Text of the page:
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“I have a dream that my four little children will one day live in a nation where they will not be judged by the color of their skin but by the content of their character.” It might be the only quote by the Rev. Dr. Martin Luther King Jr. that many Americans can recite by heart.

There is good reason for that, as political partisans have twisted a 1963 speech to suit their 2019 conservative agendas, despite the fact that those who now embrace him as one of their own would be horrified by King’s belief in extensive change in the system.

That quote can mean whatever you want it to, dressed up as approval of an American hero whose luster has only grown as his often revolutionary work fades into memory.

That short snippet expresses a sentiment judged far more benign than others from that same speech, as when the Nobel Peace Prize winner said: “We’ve come to cash this check, a check that will give us upon demand the riches of freedom and the security of justice.”

What cannot be disputed is a simple message stripped down — that in life, character matters. It is a message that is aspirational, something to live by and pass on to the next generations.

But does that ultimate test of goodness remain, or has character been cavalierly ditched for the sake of political expediency?

How about a quote for a new age? Perhaps from acting Chief of Staff Mick Mulvaney, who was asked by CNN about whether contacts between members of the 2016 Trump team and Russians, though not necessarily criminal, might present ethical and moral problems.

“I think the voters are going to decide about the ethics and morality of the people they vote for on either side,” Mulvaney said. “People liked Bill Clinton even though they might not have thought he was that ethical. That’s not the job of the House Intelligence Committee. It’s not the job of the House Judiciary Committee. It’s not the job of the House Oversight Committee. They’re supposed to review the functioning of government. Voters make decisions about the candidates in other places.”

Ultimately that is true, I suppose — though being agnostic is not exactly a profile in courage.

And using Clinton, whom Republican politicians were quick to judge as immoral and vote to impeach, presumes everyone has amnesia. Mulvaney also said the report of special counsel Robert Mueller (in truth the four-page William Barr summary of such) “completely exonerates the president,” when it says no such thing.

Character is something you will find in the civil servant who has worked on checking security clearances during Democratic and Republican administrations.

Tricia Newbold, an 18-year employee for the Executive Office of the President, said she raised concerns through channels about the process and the clearances given to at least 25 employees, clearances granted by White House officials who overruled her recommendation after extensive background checks. She told NBC she became a whistleblower after she was ignored or retaliated against — professionally and personally — by supervisors.

She was not exactly alone in her concerns. Former White House Chief of Staff John Kelly and former White House counsel Don McGahn both wrote internal memos over their concerns about administration adviser and presidential son-in-law Jared Kushner receiving a clearance, according to a New York Times report.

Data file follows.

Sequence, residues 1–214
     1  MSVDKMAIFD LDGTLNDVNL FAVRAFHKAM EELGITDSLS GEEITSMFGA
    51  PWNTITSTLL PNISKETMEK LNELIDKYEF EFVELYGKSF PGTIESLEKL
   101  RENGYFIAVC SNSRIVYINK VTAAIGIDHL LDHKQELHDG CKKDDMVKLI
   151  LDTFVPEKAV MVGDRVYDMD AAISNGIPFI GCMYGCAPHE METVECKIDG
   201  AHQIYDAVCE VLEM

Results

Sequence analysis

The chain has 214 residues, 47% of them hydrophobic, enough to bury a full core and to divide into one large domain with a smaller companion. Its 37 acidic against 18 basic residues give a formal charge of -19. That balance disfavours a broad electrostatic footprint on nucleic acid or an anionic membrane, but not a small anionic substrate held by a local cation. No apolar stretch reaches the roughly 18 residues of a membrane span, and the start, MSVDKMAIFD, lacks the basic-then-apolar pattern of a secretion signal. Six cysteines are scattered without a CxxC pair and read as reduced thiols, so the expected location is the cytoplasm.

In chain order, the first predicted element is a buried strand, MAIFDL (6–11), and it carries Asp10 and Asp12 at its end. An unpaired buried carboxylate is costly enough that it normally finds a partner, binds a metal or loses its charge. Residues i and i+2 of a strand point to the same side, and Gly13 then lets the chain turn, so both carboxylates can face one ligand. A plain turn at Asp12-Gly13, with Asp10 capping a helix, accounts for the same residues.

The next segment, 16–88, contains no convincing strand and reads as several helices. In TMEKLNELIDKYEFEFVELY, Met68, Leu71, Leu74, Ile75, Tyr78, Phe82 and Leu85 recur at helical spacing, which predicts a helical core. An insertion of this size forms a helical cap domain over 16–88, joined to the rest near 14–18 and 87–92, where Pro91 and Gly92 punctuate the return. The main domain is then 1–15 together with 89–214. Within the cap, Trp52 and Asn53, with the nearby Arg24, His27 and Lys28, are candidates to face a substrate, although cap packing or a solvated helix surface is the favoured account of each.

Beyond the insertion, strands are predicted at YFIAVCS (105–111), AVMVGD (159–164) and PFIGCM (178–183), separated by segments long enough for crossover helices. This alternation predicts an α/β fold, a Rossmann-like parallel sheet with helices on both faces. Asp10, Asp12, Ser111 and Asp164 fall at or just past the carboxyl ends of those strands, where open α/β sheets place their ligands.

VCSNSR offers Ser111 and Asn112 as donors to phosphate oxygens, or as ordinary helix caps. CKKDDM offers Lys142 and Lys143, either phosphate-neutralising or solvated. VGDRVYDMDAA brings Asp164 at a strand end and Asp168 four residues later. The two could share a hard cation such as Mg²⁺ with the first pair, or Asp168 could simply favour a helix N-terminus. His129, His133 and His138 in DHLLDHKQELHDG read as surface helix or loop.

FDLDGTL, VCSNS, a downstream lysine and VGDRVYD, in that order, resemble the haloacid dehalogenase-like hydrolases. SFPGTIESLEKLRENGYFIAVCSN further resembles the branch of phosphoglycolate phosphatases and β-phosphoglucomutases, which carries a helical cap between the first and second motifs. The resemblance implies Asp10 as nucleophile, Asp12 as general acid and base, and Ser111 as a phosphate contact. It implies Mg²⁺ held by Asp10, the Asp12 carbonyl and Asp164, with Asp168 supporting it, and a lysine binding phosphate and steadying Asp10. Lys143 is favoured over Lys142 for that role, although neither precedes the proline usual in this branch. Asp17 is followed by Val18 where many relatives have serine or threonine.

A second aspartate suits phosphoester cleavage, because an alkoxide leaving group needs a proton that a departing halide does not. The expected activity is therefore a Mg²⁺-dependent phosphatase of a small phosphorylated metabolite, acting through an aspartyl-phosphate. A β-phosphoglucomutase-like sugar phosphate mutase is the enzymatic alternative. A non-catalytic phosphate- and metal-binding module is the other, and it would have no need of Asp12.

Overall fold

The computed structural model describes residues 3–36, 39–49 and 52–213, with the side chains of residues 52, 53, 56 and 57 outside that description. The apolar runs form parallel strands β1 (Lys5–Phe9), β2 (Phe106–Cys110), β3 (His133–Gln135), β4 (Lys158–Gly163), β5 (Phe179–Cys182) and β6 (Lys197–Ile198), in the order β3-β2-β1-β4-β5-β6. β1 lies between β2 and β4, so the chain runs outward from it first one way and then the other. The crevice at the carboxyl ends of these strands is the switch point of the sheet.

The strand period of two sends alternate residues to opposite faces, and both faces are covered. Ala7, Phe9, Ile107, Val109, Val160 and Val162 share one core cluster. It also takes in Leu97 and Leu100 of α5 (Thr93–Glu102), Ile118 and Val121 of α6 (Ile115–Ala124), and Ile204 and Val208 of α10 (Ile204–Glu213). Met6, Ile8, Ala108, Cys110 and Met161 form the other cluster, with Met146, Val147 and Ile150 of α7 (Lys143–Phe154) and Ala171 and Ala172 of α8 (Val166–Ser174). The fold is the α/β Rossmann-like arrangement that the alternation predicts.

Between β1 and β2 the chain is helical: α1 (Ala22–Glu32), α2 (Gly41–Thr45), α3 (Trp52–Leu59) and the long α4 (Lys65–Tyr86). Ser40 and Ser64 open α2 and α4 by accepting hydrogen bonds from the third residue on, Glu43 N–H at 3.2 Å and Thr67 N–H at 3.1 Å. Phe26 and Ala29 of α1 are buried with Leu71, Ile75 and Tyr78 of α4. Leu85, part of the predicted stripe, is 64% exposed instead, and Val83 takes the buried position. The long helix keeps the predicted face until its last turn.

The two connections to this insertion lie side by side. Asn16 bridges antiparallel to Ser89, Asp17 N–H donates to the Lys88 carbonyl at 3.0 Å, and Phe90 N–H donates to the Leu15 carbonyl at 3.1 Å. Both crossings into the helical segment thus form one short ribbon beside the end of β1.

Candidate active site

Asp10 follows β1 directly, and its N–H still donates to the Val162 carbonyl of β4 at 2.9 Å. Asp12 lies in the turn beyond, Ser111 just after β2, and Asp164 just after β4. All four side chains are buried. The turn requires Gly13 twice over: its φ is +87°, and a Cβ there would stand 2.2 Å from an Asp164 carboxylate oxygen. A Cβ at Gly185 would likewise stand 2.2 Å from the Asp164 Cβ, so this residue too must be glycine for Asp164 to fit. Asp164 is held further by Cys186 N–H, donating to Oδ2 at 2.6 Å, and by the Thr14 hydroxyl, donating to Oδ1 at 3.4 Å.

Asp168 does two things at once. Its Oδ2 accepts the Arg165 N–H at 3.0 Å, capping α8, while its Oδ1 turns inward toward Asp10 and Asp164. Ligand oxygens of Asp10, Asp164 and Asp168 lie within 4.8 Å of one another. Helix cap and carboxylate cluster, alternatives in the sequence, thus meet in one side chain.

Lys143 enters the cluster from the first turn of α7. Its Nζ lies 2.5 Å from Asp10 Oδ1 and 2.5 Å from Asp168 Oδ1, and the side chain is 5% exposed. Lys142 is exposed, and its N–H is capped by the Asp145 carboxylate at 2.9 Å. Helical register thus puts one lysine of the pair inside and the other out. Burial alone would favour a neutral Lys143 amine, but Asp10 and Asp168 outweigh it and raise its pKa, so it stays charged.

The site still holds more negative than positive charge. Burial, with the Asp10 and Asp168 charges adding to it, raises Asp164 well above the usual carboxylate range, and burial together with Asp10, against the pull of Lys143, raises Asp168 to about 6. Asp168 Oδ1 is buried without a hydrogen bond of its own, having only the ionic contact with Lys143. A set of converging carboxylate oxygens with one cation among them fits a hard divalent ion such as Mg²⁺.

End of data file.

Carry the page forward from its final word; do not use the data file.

“I would not be doing a service to myself, my country, or my children if I sat back knowing that the issues that we have could impact national security,” Newbold said. And for that, Newbold, who has a rare form of dwarfism, said her supervisor moved files she needed for work out of her reach.

It’s hard to argue that character matters when the president of the United States does not seem to care. And why would he? At a Trump rally last fall, one of his fervent fans, after professing her devout Christianity, told me how she loved everything about the president, “including his nasty, stinking mouth.” Maybe he was right during the 2016 campaign when he said he could shoot someone “in the middle of Fifth Avenue” and not lose any voters.

Donald Trump uses his rallies to assign ridiculous nicknames to his political opponents. (I wonder how a parent punishing a child for bullying classmates would ever hope to explain his or her own “pencil-neck Adam Schiff” T-shirt.)

The president spreads discredited theories on voter fraud that only undermine confidence in democracy, and he sprays profanity in calculated bursts to a crowd that eats it up.

Meanwhile, Democrats, in the middle of deciding which one of their many declared and undeclared 2020 candidates can best beat the incumbent, have been accused of demanding too stringent a purity test. The latest to be caught in whether his #MeToo conversion is coming too late is former Vice President Joe Biden, whose brand of retail politics is looking too close for comfort.

Though it is easy to mock the familiar Democratic trait of setting the bar high and finding everyone wanting, you have to give it to them. At least there is a bar.

The question is, are they betting on a character test at a time when the rules have changed?

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Mary C. Curtis wrote this for CQ-Roll Call. She has worked at The New York Times, The Baltimore Sun, The Charlotte Observer and as national correspondent for Politics Daily. Follow her on Twitter @mcurtisnc3.

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